In the meantime, I'm also looking into different drivers to use in a Labhorn size box. Mainly looking into single 15 inch drivers like the Eminence 3015. The single 15 won't go quite as loud but a much flatter response is possible and driver cost is cut almost in half.

Last edited by just a guy; 13th August 2010 at 05:22 AM.
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Old 13th August 2010, 04:39 PM   #29
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Default Just a guy: Simulation is always a compromise.

The proof of the labhorn is that it works. Compromises in the flare rate have little effect on the bottom two octaves, where the labhorn is used.
Brad Litz's (v.3) front chamber is a complex volume that is defined more by the driver's front volumes than the taper of the baffle. The chamber would be better modeled as a soccer ball than a wedge.

I'm sorry I wasted your time, finding the materials you asked for.
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Old 13th August 2010, 05:12 PM   #30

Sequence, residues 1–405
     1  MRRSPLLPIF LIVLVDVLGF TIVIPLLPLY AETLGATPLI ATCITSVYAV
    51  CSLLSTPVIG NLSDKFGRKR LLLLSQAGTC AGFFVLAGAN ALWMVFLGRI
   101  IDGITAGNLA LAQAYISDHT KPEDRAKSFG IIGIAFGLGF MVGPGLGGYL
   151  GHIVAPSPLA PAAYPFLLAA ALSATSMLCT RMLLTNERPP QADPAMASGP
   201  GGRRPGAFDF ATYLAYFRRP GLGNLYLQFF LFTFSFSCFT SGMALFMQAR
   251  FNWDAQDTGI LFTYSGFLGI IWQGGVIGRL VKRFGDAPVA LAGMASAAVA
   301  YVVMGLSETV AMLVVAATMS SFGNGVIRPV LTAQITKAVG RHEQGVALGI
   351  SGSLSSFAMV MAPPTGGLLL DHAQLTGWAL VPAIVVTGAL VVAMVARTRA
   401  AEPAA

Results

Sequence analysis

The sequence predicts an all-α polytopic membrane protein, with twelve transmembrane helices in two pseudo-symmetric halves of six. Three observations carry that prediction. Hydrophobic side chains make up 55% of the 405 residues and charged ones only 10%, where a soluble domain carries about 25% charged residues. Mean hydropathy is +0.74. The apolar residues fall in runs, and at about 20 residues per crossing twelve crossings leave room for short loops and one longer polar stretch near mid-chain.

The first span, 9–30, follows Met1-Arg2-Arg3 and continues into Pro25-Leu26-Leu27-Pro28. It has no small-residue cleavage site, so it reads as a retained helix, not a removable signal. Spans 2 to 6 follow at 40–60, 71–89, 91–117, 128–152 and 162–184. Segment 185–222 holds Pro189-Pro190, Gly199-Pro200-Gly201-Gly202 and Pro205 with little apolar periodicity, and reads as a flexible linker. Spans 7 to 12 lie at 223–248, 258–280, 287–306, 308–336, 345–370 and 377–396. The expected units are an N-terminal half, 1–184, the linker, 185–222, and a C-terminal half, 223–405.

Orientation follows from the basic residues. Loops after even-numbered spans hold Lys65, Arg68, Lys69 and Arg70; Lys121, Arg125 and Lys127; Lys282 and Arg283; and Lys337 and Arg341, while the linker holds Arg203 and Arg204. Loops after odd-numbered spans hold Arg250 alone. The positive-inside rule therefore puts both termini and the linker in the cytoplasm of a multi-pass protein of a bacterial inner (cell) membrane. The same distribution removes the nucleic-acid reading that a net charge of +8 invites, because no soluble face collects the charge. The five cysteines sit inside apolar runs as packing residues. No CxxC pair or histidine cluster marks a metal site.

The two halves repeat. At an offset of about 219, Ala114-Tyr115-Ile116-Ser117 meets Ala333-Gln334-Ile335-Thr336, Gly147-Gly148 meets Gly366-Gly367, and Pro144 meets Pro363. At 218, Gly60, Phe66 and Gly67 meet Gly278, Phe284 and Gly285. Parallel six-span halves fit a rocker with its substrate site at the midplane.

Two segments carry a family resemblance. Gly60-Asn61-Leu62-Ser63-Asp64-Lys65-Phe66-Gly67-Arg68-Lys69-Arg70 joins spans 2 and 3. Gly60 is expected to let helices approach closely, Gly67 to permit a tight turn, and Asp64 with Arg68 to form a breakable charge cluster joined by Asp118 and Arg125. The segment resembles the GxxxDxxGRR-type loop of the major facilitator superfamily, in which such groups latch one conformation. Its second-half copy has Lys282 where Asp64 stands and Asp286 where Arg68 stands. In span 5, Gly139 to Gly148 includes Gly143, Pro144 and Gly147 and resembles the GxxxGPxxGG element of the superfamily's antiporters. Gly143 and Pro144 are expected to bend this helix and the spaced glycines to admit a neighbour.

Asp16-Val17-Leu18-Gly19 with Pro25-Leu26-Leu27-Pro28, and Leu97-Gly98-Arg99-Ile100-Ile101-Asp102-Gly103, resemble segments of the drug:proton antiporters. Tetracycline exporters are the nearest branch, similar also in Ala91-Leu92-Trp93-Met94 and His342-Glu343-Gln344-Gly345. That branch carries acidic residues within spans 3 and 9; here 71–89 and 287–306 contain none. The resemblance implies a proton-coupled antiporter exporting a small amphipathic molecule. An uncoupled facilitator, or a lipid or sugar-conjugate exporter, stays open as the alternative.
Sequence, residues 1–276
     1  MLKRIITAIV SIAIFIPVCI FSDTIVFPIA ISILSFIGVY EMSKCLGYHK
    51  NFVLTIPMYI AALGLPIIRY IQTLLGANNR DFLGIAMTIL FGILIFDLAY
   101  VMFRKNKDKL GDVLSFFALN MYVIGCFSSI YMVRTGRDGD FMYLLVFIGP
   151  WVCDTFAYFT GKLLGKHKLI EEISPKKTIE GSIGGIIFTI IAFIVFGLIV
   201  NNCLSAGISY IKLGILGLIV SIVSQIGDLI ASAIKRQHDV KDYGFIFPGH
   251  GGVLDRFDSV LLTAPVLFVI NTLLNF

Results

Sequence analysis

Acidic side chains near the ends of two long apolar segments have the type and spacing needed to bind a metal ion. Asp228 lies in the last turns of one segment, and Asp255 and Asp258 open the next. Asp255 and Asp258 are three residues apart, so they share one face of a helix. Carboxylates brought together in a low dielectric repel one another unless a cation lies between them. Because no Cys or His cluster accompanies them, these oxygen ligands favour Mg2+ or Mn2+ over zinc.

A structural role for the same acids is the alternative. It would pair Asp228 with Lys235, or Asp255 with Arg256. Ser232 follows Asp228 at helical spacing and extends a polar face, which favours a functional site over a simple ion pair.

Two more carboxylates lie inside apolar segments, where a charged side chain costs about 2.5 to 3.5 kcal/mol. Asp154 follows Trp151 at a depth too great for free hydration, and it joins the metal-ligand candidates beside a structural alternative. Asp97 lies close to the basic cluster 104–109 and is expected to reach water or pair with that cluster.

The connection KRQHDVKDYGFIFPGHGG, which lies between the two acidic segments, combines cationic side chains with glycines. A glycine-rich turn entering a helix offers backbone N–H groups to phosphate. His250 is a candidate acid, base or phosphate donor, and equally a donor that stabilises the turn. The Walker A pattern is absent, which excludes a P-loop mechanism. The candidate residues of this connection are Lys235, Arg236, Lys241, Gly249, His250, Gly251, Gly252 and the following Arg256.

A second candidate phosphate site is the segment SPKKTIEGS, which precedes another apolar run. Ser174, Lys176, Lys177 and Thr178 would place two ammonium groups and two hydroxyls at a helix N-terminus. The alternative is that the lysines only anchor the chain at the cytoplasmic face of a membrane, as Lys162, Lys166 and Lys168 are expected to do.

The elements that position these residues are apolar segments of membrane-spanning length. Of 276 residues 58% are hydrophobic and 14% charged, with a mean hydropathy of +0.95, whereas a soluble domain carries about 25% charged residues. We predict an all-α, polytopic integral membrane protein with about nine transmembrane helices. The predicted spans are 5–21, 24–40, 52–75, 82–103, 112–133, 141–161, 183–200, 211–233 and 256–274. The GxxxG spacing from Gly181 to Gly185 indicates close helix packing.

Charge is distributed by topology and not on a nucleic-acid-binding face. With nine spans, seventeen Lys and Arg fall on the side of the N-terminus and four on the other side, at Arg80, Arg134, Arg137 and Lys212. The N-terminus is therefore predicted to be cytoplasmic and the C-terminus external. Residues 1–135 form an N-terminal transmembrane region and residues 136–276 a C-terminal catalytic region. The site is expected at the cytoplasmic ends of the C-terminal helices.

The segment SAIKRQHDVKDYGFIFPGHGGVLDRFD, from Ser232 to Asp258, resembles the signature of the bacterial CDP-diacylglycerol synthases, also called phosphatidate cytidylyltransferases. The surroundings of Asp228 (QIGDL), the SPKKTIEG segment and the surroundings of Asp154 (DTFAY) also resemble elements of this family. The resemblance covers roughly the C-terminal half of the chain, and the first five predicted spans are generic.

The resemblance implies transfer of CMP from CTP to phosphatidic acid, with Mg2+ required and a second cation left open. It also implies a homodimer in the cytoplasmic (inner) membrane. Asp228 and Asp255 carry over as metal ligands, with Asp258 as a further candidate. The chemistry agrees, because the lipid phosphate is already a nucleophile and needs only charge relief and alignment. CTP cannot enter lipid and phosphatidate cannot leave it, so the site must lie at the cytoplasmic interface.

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First and foremost this:

Quote:
Originally Posted by Don Snyder View Post
I'm sorry I wasted your time, finding the materials you asked for.
I truly appreciate the effort Don, but if you check post #17 I found that stuff almost a week ago and briefly commented on it.

Quote:
The proof of the labhorn is that it works.
Yes, and it works well. But measurements and simulations and real world thermal overload testimonials show it could work better. It might take a bigger box but it could work better.

Quote:
Compromises in the flare rate have little effect on the bottom two octaves, where the labhorn is used.
Actually, changing the flare rate has a pretty profound effect. I can show you general simulations if you want but I don't have a complex model of the Labhorn worked up yet.

Quote:
Brad Litz's (v.3) front chamber is a complex volume that is defined more by the driver's front volumes than the taper of the baffle. The chamber would be better modeled as a soccer ball than a wedge.
I haven't spent any time trying to model this version. There are several reasons I don't like it much, I just don't like the choices he made.

Last edited by just a guy; 13th August 2010 at 05:15 PM.